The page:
You're very good at these music reviews. You make even this old fuddy duddy want to go to one of the concerts. The only act I even recognize the name of, though, being from the US and all, is Patty Griffin, and it just so happens I actually saw her perform. It was in this small venue in Collingswood, NJ called the Scottish Rite Auditorium, which is an old Free Mason's worship hall that the town took over and converted to a music venue. It has great acoustics and was the perfect place for an artist such as Patty to play. I was only 4 seats away from the stage, and it was so intimate, it felt like I was sitting in her living room listening to her. And to think I wouldn't have even saw her perform if it weren't for the fact that someone offered me some free tickets. Ahhhhhh.

    Anyway, keep up the good work...and really, you should seriously consider trying to sell some of your writing to music magazines or newspapers!

  • At April 06, 2008 , Blogger Wayne said...

    Hi Terry,

    Thanks for saying hello. I live in Sydney and I started this blog about 18 months ago as way of writing about my passions, which are music, film and theatre. So far I have met a lot of wonderful people, so it has been truly worthwhile. I envy your Patty Griffin experience. There is something absolutely special about an intimate show like that. And she is such a generous and glorious performer.

    I have visited the US quite a few times and I always find the people super friendly and generous. Although my only visit to NJ was for an NFL game at Giants Stadium.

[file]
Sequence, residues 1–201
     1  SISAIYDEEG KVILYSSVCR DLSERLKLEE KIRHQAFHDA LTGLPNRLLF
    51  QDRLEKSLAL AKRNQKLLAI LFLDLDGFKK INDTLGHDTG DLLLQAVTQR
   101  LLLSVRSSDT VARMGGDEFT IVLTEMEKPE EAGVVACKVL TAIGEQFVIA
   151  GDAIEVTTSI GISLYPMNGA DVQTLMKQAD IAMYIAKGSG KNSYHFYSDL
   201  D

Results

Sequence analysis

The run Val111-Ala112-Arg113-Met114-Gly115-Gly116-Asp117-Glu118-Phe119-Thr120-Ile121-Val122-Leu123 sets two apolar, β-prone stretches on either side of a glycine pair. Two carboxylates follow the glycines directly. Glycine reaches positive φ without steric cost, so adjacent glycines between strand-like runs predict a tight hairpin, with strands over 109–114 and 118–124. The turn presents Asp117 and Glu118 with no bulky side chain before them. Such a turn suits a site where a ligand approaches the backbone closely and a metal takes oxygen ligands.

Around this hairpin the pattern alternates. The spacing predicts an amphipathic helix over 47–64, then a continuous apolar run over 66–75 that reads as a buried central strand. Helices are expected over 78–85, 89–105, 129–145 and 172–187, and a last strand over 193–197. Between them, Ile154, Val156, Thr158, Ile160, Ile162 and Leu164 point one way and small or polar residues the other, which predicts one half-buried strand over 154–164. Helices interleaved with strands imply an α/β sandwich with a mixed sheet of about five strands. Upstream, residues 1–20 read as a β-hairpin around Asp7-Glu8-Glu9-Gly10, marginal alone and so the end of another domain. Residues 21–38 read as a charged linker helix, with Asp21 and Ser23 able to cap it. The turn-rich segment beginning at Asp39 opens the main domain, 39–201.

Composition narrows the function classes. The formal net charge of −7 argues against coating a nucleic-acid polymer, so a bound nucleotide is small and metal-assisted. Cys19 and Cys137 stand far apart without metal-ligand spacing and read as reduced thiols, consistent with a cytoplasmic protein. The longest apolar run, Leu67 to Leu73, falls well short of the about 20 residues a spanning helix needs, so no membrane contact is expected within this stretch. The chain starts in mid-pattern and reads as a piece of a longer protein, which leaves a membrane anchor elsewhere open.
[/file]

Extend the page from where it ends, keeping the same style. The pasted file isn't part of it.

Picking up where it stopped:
Thanks a lot for the kind words too. I have thought about making this writing caper more full time, although for now it is just a part time outlet for my passion.

  • At April 17, 2008 , Blogger Zahra said...

    Hey wayne,

    i went to see the kid. i enjoyed it. but i didnt understand the socio-historical context? what was happening around australia when these children decided to move to sydney from the north? and how do u feel it is relevant to todays day and age?

    also, about the religous context in the play..what did that really bring to it?

    as you can tell, im new to theatre. trying to broaden my interests. i hope u have some input!

  • At April 17, 2008 , Blogger Wayne said...

    Hey Zahra,

    I don't think there was anything specific to that time and place to cause the kids to move to Sydney. Just general lack of money and opportunity made them seek out Sydney. So, I think that makes the play universal, in that young people are always moving from small town inertia to larger cities to seek more activity and wealth. Which I believe makes the play still relevant today.

    I think the religious zealots in the play, as well as being interesting characters, were there to give the young people a bigger and more dangerous view of the world. It seemed to fascinate Dean.
    Ultimately they rejected their view of the world as it was obviously apocalyptic and very destructive. That's my take on it anyway.

    I am trying to see more theatre these days, as I find the immediacy of the performances a definite plus. Ruben Guthrie is the next play on the agenda for me.